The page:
10 Things to Know About the SUPR-Q

Jeff Sauro, PhD

10 Things to Know About the SUPR-QThe SUPR-Q (Standardized User Experience Percentile Rank Questionnaire) is a standardized questionnaire that measures the quality of the website user experience.

It’s an 8-item instrument that’s gone through multiple rounds of psychometric validation and is used by hundreds of organizations around the world. Here’s a list of 10 essential things to know about the SUPR-Q.

1. It’s derived from research and refined across studies.

Instead of starting from scratch and making up items, a more effective way to build a questionnaire is to start with similar items described in overlapping ways. For the SUPR-Q, this involved combing the UX and market research literature to find items from other published reports that addressed similar or complementary aspects of website UX quality. The SUPR-Q was derived from analyzing the format and items in 17 existing questionnaires and identifying 33 candidate items to test. These items were then refined or removed over multiple studies based on how well they performed across several statistical tests.

Data from over 4,000 responses, across three studies, and over 100 website experiences provided the necessary large dataset to refine the SUPR-Q to be the compact, reliable, and valid questionnaire it is now. We continue to examine new items and also validate translated versions.

2. It’s reliable.

Reliability is how consistent people respond to items. The SUPR-Q’s overall measure of UX quality shows high internal-consistency reliability (Cronbach- α = .86). Its subfactors have lower but still acceptable reliability (α = .64 to α= .88). Lower reliability is a natural consequence of having fewer similar items, so it’s expected to have lower reliability scores with fewer items (8 vs 2)—but it’s a small price to pay. The lowest scoring factor is the loyalty factor and its lower alpha is also driven by the different number of scale points in the 11-point likelihood to recommend item.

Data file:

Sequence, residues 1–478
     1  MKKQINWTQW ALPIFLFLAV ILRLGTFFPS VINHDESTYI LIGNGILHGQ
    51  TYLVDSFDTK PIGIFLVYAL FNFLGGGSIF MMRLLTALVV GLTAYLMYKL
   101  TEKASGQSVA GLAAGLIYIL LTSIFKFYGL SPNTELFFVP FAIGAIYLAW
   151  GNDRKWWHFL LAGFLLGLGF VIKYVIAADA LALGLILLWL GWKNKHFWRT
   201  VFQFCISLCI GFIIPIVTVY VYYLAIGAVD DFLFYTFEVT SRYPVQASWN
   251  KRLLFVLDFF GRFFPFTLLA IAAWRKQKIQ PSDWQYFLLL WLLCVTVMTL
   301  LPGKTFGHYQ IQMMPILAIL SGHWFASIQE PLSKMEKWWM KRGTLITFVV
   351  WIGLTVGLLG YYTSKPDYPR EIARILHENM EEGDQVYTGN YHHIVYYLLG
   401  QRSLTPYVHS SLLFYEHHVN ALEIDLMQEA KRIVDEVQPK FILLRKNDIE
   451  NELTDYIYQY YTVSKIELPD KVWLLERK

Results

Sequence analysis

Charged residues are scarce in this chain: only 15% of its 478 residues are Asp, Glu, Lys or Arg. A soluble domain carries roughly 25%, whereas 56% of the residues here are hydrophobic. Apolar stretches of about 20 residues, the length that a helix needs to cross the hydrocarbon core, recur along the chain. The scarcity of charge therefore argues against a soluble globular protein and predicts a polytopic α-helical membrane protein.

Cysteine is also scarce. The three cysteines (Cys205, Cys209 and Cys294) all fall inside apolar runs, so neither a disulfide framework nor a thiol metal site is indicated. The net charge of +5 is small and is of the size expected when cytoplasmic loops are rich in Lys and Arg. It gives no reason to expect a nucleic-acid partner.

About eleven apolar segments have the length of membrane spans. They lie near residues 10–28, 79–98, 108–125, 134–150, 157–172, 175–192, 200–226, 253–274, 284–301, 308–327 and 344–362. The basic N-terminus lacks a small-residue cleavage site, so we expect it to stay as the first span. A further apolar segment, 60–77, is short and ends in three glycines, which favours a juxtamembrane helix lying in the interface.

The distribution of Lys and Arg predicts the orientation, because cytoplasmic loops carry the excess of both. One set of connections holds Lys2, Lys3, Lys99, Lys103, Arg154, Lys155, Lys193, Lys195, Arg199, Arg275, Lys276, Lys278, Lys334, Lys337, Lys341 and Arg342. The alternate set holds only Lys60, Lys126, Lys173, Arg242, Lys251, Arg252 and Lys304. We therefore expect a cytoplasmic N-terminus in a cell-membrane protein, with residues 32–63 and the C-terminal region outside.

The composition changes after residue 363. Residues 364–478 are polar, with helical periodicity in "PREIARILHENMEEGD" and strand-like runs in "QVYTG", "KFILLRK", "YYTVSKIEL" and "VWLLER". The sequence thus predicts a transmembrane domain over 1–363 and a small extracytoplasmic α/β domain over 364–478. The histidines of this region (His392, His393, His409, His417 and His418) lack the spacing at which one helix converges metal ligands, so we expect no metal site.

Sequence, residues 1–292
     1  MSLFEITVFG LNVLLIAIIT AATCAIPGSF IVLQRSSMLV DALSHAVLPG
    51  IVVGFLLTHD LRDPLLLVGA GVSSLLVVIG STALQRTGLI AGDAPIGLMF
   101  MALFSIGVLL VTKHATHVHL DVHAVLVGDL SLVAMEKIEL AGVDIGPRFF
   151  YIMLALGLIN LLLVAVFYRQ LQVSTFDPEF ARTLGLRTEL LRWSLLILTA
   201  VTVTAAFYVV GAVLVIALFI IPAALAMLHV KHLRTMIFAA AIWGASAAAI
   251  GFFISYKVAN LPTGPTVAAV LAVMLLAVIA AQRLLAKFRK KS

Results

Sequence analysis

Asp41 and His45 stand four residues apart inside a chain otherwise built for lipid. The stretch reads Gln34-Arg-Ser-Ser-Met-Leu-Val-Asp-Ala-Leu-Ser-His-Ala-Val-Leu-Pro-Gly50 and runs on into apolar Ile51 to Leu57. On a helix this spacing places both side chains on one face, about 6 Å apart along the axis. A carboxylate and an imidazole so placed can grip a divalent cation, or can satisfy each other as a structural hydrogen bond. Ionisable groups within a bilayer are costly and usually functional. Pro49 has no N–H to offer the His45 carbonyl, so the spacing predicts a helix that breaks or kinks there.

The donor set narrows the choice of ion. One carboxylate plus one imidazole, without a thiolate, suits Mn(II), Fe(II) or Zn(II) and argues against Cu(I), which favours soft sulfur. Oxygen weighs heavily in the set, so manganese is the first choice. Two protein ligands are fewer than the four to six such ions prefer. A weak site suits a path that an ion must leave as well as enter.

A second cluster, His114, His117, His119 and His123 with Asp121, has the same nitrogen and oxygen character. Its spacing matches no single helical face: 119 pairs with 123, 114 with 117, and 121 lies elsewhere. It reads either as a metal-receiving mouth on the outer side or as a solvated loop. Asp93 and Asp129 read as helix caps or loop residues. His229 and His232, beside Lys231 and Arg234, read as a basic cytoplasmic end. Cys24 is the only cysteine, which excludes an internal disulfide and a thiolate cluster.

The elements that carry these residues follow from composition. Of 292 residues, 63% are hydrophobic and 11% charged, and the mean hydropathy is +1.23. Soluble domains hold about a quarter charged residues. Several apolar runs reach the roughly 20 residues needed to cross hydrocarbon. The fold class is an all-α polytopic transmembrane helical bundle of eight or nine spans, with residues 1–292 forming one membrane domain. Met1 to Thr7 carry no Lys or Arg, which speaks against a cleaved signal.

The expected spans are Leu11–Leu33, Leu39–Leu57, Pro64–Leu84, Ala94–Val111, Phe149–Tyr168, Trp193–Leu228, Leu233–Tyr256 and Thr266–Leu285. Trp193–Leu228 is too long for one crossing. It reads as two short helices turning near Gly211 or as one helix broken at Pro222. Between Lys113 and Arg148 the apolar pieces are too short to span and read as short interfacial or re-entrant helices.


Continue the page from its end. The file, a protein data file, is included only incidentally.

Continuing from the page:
3. It’s valid.

Validity is the capability of a questionnaire to measure what it’s intended to. There are a number of ways to measure validity and the SUPR-Q excels in multiple tests of validity. It has high content validity (items cover the construct of User Experience based on expert judgment), high convergent validity (the SUPR-Q correlates with the SUS and other questionnaires that measure similar constructs), and discriminate validity (it differentiates excellent and poor websites as good as or better than other questionnaires). By the way, I used the website webpagesthatsuck.com to identify poor performing websites for the analysis—a list you definitely don’t want your site to be on.

4. It measures four sub-constructs of UX.

In addition to a global measure of UX, the SUPR-Q provides measures of usability, appearance, trust/credibility, and loyalty. Part of the process of questionnaire construction is to examine the number of dimensions a questionnaire has. Across the three studies, the use of a factor analysis revealed these four factors.

5. 50 is average.